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My Daily Buddhist Practice: Wincing in the Mirror

We, common mortals, can neither see our own eyelashes in close proximity, nor endless space far away. Likewise, we cannot recognize that Buddhahood exists within our own hearts.

Written by Nichiren Daishonin, 13th century Japan

Being honest with yourself is hard. When I read this Gosho passage it always reminds me how easily I can deceive myself. I used to wince when looking into the metaphorical mirror, seeing all my faults but feeling incapable of fixing them. When you look in a mirror and reflect on who you see, do you only see the bad – imperfections, insecurities, weakness? Or only see the good — wisdom, kindness, generosity?

I have learned both reactions are delusions. I don’t have to lie or make up stories like blaming others, creating excuses to avoid hard changes, or thinking I’m just unlucky. My Buddhist practice allows me to deeply understand I am responsible for my own actions, my causes and effects. Rather than default to denial, fear or anger I have learned to be compassionate with myself and go straight to honest assessment that leads to self-improvement.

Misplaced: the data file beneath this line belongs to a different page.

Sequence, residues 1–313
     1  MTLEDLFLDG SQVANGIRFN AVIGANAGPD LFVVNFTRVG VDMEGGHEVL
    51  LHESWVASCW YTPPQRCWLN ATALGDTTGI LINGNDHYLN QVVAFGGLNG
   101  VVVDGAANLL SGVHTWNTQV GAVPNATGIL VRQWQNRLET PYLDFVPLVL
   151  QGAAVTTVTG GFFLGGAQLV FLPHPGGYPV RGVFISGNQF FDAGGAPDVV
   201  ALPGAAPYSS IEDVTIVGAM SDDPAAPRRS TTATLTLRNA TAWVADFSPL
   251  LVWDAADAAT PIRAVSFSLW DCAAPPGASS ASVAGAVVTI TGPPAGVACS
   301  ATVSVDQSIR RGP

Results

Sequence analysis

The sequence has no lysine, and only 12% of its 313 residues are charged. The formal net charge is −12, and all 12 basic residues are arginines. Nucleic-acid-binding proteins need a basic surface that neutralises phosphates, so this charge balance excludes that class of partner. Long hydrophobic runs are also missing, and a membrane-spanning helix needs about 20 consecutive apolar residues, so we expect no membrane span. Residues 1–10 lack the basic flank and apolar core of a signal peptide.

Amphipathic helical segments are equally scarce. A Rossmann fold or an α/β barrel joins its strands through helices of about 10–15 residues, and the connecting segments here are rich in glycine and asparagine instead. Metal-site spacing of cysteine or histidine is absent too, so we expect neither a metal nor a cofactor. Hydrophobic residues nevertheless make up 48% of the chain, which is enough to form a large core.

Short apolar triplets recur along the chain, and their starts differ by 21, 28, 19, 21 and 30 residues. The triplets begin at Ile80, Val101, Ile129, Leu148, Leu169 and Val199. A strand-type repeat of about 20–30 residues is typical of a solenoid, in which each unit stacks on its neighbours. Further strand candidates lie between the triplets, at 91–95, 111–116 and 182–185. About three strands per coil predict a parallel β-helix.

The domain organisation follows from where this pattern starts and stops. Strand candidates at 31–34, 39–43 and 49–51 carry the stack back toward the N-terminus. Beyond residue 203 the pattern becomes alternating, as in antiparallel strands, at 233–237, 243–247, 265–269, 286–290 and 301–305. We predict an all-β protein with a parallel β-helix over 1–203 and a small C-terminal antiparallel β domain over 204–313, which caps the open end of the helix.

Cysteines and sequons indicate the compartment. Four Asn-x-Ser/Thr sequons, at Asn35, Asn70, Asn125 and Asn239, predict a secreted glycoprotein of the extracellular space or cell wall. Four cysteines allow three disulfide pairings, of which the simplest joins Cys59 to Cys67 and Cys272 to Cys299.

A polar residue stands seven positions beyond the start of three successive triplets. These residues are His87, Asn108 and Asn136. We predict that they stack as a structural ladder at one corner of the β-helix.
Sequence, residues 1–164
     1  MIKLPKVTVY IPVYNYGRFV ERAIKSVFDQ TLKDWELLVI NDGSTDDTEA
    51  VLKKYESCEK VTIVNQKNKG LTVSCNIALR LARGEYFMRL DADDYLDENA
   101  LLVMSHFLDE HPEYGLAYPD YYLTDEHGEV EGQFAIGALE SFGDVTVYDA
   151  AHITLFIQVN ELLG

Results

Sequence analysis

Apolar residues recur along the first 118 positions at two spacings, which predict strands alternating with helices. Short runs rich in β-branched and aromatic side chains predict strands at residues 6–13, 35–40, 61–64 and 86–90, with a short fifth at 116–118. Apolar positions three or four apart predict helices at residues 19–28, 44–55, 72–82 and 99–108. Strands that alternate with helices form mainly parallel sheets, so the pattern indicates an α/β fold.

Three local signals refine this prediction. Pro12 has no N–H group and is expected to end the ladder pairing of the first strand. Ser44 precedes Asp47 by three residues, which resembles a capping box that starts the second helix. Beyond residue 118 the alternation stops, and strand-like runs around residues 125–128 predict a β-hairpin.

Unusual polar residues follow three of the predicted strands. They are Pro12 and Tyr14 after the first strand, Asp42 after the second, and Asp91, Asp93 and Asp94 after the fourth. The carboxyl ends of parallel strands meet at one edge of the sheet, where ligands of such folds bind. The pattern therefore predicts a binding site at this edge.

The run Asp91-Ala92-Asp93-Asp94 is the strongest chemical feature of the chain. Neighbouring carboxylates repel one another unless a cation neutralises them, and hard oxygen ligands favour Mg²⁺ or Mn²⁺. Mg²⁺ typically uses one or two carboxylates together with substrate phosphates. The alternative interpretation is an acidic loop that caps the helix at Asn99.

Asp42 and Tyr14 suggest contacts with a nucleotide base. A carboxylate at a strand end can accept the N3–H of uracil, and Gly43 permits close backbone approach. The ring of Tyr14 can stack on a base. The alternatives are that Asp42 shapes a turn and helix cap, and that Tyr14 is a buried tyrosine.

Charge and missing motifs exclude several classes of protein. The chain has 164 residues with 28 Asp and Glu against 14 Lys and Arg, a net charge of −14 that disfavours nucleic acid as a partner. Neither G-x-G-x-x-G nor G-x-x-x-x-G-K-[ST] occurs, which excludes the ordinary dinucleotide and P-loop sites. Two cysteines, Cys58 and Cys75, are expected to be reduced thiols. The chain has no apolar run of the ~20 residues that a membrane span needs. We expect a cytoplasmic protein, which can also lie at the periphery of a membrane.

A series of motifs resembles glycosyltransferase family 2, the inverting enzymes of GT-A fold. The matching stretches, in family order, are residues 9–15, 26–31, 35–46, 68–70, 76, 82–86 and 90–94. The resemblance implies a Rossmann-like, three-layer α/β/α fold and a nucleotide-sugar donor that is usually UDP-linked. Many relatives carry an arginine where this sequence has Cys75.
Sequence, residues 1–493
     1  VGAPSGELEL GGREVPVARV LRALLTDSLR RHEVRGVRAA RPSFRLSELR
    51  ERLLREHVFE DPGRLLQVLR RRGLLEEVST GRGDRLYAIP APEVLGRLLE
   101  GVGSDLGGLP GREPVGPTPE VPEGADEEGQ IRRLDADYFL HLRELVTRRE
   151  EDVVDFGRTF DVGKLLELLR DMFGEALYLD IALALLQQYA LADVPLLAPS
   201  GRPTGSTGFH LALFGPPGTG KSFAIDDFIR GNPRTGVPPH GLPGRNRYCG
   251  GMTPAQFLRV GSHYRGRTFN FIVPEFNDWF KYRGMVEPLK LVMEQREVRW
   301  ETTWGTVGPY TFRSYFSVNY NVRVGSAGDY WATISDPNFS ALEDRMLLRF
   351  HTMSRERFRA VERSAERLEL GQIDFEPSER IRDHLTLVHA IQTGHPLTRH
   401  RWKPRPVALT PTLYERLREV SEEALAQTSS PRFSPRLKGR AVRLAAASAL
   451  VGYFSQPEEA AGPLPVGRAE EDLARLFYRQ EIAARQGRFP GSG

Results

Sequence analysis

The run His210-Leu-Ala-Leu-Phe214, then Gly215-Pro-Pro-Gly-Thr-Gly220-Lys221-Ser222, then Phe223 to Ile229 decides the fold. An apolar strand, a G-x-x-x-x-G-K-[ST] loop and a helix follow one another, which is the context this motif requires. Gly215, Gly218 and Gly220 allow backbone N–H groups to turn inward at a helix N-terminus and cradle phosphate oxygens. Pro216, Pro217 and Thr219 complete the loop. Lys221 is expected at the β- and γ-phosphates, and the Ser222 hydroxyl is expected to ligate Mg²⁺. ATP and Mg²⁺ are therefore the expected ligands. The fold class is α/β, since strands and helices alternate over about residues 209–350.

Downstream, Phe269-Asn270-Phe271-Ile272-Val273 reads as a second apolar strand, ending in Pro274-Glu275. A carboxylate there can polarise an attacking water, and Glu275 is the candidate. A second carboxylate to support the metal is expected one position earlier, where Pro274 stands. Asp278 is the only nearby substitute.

Chanting and reciting the Sutra to the Gohonzon every day is helping me develop an honest mind. It’s real freedom to be able to stop my mind from working against me.

My Buddhist Daily Practice is a contributory blog written by Myosenji Temple Buddhists. We hope to post regularly about our experiences with our daily practice of Nichiren Shoshu Buddhism.